BOSTON (CBS) — Matt Cooke.
The name alone can ignite a flurry of emotions for any hockey fan in Boston, as his hit on Marc Savard nearly two full years ago remains a constant sore subject in the city.
Yet ask those same fans who knocked Nathan Horton out of action less than a month ago, and the results won’t be so clear.
That man is Tom Sestito, and while we can’t yet know the full extent of the damage to Horton, we do know the hit itself was eerily similar to the one put on Savard in March 2010. Horton skated across the top of the faceoff circle and released a shot on net. Sestito stood a good 10 feet from him. Sestito loaded up and used all of his 6-foot-5 frame to hit the 6-foot-2 Horton up high. He succeeded.
Unlike last June, Horton got up from the hit and went right after Sestito, and he stayed in the game for the remainder of the second period before leaving the game. We haven’t seen him since.
There are some explanations for why “Sestito-on-Horton” doesn’t carry the same influence of “Cooke-on-Savard”, the biggest being that it was Horton’s second concussion in eight months. The first, delivered by Aaron Rome in Game 3 of the Stanley Cup Final, was devastating and impossible to forget, so this one may just be seen as an aftereffect of the Rome hit. After all, nobody’s mad at Matt Hunwick for sending Savard off the ice for good.
The other reason, for some at least, is that this particular Flyers-Bruins game took place during the AFC Championship Game between the Patriots and Ravens. While the diehards were no doubt tuned in to the Bruins, many local sports fans only saw it after the fact when it was posted on YouTube, thereby stripping a good amount of strong emotion from the moment.
Regardless, the hit should have been and should still be bigger news. Horton’s injury didn’t even make the AP game recap that day, and here we are weeks later. He’s been out for nearly a full month, and it’s not getting better. It’s actually getting worse.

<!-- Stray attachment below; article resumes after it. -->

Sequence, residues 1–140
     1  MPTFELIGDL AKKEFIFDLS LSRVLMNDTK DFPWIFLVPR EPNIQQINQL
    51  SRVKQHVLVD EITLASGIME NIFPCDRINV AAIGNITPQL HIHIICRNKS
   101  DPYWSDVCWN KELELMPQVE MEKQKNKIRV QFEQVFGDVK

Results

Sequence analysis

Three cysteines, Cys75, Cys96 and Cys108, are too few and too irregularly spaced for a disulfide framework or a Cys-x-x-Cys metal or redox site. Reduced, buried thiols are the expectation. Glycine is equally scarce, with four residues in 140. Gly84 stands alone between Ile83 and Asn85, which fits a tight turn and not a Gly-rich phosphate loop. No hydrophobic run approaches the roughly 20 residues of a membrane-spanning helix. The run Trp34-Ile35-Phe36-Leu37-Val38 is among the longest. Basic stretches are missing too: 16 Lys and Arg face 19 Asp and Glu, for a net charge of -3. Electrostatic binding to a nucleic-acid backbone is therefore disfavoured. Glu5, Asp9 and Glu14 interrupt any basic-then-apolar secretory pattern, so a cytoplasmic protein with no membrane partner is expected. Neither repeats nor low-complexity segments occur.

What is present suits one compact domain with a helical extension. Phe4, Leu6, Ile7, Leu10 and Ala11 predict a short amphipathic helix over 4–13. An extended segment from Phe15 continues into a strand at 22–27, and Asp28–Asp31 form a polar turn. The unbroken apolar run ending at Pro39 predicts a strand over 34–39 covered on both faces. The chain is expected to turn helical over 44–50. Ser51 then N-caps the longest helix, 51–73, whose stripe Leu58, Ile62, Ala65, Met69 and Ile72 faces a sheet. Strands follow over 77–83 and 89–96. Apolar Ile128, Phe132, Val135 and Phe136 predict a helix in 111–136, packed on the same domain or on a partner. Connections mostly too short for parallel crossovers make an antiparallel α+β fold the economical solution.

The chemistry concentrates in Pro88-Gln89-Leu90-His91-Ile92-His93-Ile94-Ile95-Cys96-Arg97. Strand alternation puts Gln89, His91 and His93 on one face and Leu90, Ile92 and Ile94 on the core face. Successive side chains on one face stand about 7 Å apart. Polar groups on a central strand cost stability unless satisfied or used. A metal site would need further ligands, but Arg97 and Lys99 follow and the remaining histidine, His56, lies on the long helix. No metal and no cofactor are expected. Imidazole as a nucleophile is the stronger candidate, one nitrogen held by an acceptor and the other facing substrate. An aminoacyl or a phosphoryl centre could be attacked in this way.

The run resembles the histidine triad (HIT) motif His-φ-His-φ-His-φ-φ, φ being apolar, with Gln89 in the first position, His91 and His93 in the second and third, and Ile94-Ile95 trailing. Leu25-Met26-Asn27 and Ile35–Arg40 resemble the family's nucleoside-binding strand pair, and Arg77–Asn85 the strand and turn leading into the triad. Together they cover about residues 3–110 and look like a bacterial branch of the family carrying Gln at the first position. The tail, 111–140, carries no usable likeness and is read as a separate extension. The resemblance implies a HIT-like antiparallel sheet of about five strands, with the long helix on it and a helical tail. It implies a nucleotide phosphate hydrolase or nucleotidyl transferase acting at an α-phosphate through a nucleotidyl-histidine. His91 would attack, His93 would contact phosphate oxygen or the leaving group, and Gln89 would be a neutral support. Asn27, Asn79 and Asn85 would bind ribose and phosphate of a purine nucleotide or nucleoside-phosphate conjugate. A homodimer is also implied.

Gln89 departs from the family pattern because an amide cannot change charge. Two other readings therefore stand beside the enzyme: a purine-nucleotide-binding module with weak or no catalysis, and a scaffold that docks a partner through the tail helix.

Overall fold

“He’s back to square one,” coach Claude Julien said last week. “Those symptoms, once he got on the ice, came back.”
From a hockey standpoint, Horton’s absence is killing the Bruins, who have scored just two goals per game since then (season average is 3.4 goals per game) and whose lines fall into further disarray with Rich Peverley’s knee injury suffered this week.
But obviously, this is much more than a hockey issue. Horton is just 26 years old. He’s the same man who found the strength and courage to will himself to be with the team last June now can’t skate in practice. He can’t travel. We know a whole lot about what he can’t do, but we don’t know what he can do.
That Cooke got off with no punishment was an abomination of justice, but the hit led Colin Campbell and the owners to make changes to ensure that such needless, malicious hits would no longer be a part of the NHL. Brendan Shanahan, in his first year in charge of dishing out the punishments, began suspending players this season for seemingly just having a pulse and a bad look in their eye. If there was one message he made clear in his first four months on the job, it was that the head of any player is off-limits. Whether you make contact with an opponent’s head with your elbow or shoulder, it doesn’t matter. Whether you hit that opponent’s head on purpose of by accident, it doesn’t matter. You hit the head, you get suspended.
So surely, a late, blind-side head shot (to a player with a concussion history, no less) should warrant a heavy penalty in this day and age.
Instead, Sestito skates free. In fact, he wasn’t so much as assessed a minor penalty for the hit, and it was Horton who actually ended up in the penalty box for his retaliation.
Seemingly everyone involved has moved on. The Bruins have moved on, mostly because they have no other choice.
Shanahan’s moved on, ruling fair or foul on dozens of hits since then, and he’s even chimed in with his opinions on hits that didn’t warrant suspension.
“This check by [Brad] Marchand was delivered to the upper thigh/hip and not the knee area,” Shanahan wrote this week regarding Marchand’s hit in Montreal. “We don’t like it, but not [enough to enforce supplemental discipline].”
It’s nice to know Shanahan didn’t like Marchand’s hit, really, but unless he plans on commenting on every single non-suspendable hit in the NHL, he ought to keep those opinions to himself. By offering such opinions on some hits and keeping quiet on others, Shanahan sends a message of implied approval of hits like Sestito’s.
The Flyers have moved on, as has Sestito, who’s proved he’s an honest player by racking up 63 penalty minutes (including two misconducts) since that afternoon affair against Boston.
They’re all moving on, because they all have that ability. Everybody, that is, except for Horton.